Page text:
Mom shares how her daughter with rare disease is inspiration

Beauty, Truth and Goodness: Emilia's Story

When Emilia was just 6 months old, we met Dr. Narayanan. At that time, Emilia received most of her nutrition through a plastic tube that went through her nose, past her throat and into her stomach. 

Emilia was throwing up at least eight times per day and had never in her life slept for more than 15 consecutive minutes. She was BELOW the zero percentile in weight, and as parents, we struggled with not knowing what was going on.

The team at TGen changed that. 

Dr. Narayanan believed we would be able to discover what was causing Emilia's issues by looking at our family's DNA. For the first time, Dave and I finally felt like we had a plan.

TGen discovered that Emilia has a very rare mutation on a gene that produces a protein important for building several different tissue types.  Her diagnosis is Atypical Progeria Syndrome, which is an early aging syndrome. Now, we know exactly which protein is compromised. We know exactly which tissue types will likely be compromised, which means we know what systems will likely cause problems as she gets older.  We know that Emilia will likely need a lung transplant someday, but we hope that by that time, there will be adequate gene therapy techniques to repair her lungs.

Emilia has taught us what is important in life: Beauty, truth, and goodness.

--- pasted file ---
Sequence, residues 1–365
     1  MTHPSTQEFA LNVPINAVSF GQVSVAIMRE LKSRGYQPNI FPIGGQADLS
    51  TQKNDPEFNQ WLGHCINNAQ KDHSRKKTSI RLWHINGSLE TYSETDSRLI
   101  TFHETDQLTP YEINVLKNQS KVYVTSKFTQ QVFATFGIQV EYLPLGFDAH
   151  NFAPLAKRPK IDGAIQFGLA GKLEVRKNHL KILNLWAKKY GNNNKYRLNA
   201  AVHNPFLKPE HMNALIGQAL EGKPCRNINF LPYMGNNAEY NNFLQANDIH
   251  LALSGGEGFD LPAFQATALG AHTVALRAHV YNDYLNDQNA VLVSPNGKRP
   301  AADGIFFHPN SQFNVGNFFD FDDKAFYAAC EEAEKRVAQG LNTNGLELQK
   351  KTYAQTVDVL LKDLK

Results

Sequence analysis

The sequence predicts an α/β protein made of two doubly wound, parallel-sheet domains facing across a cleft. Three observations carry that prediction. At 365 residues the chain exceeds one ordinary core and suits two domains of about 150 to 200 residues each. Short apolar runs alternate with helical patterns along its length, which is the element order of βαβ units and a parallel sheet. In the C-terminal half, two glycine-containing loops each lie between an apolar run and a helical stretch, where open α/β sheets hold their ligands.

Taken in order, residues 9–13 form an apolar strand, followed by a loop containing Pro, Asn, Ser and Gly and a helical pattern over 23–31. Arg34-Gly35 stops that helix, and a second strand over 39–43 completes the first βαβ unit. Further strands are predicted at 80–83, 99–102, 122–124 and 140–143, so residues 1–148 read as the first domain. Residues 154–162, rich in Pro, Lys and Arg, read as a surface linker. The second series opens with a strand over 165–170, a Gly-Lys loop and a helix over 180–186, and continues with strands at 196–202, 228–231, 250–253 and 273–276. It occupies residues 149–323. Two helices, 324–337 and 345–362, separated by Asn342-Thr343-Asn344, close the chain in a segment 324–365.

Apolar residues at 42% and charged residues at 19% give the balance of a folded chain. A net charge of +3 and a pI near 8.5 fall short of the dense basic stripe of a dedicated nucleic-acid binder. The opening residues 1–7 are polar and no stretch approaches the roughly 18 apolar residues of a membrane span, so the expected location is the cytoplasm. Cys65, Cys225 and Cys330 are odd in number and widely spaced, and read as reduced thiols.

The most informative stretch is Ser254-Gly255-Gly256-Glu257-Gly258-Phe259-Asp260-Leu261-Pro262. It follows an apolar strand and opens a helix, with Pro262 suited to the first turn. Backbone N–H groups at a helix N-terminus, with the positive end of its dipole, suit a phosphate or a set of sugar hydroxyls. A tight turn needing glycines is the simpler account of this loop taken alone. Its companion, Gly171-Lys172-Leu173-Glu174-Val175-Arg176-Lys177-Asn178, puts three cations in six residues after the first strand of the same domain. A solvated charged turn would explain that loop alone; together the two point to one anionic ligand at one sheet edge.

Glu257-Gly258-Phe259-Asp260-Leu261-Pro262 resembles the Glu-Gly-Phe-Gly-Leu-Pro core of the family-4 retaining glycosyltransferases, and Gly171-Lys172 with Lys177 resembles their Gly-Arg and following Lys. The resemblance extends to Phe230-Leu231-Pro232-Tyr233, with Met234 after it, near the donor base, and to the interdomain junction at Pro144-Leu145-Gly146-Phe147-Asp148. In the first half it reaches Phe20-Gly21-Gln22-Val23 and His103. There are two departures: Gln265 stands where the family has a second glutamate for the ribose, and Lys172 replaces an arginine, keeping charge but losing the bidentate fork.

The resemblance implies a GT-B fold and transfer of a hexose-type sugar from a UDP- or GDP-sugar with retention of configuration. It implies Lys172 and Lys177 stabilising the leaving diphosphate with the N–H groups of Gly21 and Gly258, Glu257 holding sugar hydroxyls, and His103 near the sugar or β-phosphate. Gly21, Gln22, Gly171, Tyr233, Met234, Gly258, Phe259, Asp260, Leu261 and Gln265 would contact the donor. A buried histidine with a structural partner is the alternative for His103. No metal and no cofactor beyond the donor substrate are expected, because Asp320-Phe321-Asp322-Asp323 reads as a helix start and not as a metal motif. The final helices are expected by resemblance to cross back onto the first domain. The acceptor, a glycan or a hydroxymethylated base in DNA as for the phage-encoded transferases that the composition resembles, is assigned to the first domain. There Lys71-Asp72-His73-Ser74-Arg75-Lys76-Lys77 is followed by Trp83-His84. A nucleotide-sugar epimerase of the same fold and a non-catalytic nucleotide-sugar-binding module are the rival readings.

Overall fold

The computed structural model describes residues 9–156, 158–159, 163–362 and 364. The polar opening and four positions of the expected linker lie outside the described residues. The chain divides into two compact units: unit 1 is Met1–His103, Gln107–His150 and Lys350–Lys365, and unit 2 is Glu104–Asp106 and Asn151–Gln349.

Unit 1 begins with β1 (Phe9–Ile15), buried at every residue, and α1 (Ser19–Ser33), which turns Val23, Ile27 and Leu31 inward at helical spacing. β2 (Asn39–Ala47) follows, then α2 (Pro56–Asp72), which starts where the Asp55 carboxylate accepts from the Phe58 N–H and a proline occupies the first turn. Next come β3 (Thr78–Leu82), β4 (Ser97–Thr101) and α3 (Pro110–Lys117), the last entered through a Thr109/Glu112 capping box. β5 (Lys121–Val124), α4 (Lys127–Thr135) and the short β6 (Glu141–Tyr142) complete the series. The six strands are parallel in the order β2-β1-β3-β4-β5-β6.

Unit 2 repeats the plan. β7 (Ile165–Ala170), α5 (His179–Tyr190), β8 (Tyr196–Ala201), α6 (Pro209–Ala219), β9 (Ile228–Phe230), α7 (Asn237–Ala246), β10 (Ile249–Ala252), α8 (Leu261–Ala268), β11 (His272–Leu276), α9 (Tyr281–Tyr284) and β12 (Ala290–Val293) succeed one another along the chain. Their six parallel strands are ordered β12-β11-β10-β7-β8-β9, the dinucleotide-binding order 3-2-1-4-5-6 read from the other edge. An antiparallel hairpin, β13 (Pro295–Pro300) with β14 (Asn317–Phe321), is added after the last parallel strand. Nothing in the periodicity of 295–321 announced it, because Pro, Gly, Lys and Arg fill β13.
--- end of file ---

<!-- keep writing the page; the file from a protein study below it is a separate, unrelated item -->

To find these three things, you only need to look at the life of someone that suffers.  For us, that has been sharing in Emilia's life and daily struggles. I can only say that there is something truly amazing, beautiful and inspiring in these children. 

In Emilia's case, I see how it affects people when they meet her: 

  • Hardly a day goes by when someone doesn't come up to me to let me know how truly blessed I am to have such a child.
  • While on a trip to Washington DC, a man in a beautiful, tailored suit stopped us and asked us three times if we knew how special our daughter is and then proceeded to pray over her.
  • People that even have the tiniest interactions with her are inspired to be a better person, do more for others and make a difference in the world.

Time and time again, I have been surprised how Emilia and children that battle these devastating disorders have inspired beauty, truth and goodness in others. Isn't it ironic that having a unique genetic mutation inspires others to connect to each other and reminds us how that the difference between you and me is only 1 percent of our entire genome?

I have so much hope for TGen's Center for Rare Childhood Disorders.  Dr. Narayanan and the researchers I have met truly have a gift that you can see when they look at these children, not just with empathy, but with a sincerity that says to me they truly get just how special these children are to this world. I believe that TGen has the ability to be the kind of 21st century pioneer that we need to preserve Emilia's life.  

Written by Mary Crowell at 00:00

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